Real Return Bonds

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ghariton
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Real Return Bonds

Post by ghariton » 06 Mar 2005 21:23

Hard to believe that this forum has gone three whole weeks with nobody posting on this topic (unless I missed it, in which case I apologize to the poster).

Over time I have had exchanges with some of you as to whether the CPI accurately measures inflation as it affects holders of RRBs, and more particularly, as it affects retirees.

A 1999 Statistics Canada study showed that, by and large, inflation rates were the same for the elderly as for the population as a whole.

Now there is a more detailed study by the New York Fed. It looks at how different groups experience inflation. As far as seniors (over 60) are concerned, the authors find that inflation experienced by seniors in the U.S. is higher than the average inflation rate by between 0.2% to 0.4% per year. This difference is principally due to the fact that health care is a more important element for seniors, and that the price of health care has been rising significantly faster than for other items. Health care has twice the weight in the elderly's household spending as for other Americans.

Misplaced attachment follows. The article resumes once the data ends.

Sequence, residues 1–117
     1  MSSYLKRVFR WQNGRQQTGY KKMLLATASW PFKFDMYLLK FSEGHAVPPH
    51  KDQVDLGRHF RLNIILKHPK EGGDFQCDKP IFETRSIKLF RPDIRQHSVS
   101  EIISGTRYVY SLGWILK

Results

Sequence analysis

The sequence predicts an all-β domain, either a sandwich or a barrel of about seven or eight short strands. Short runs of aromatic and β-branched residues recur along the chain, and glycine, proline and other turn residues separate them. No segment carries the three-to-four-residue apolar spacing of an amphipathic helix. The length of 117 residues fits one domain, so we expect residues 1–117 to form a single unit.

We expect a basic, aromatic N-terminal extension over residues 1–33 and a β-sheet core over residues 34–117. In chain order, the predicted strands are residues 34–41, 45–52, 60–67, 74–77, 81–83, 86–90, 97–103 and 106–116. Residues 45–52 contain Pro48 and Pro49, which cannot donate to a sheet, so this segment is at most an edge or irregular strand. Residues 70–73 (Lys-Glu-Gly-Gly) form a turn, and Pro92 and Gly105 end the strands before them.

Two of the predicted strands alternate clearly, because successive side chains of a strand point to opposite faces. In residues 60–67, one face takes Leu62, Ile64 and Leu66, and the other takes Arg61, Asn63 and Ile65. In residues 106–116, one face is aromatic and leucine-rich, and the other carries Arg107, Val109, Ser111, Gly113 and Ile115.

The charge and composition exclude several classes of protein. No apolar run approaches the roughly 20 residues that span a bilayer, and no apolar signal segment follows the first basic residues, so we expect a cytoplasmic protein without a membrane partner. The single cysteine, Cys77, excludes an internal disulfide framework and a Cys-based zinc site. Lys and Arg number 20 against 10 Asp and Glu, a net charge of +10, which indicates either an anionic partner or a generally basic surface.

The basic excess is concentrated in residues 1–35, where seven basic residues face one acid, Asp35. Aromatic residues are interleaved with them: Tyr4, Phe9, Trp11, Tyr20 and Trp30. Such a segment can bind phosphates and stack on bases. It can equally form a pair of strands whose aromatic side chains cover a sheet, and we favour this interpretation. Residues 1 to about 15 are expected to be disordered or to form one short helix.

Using the data in the paper, I think that if one were to remove health care, the CPI for the elderly is significantly below the average CPI. That would be closer to the situation in Canada, where the bulk of health care expenditures are financed by taxes, and hence fall more heavily on the elements of population still in the "accumulation" stage.

In any event, I can't get really excited about a potential bias of up to 0.2% to 0.4% per year.

George

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Post by treetops » 09 Mar 2005 11:56

George, more on hedonic adjustment at the other site - see "CPI scam" in Wealth.

Gentlemen, start your engines...LOL

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Post by ghariton » 16 May 2005 13:44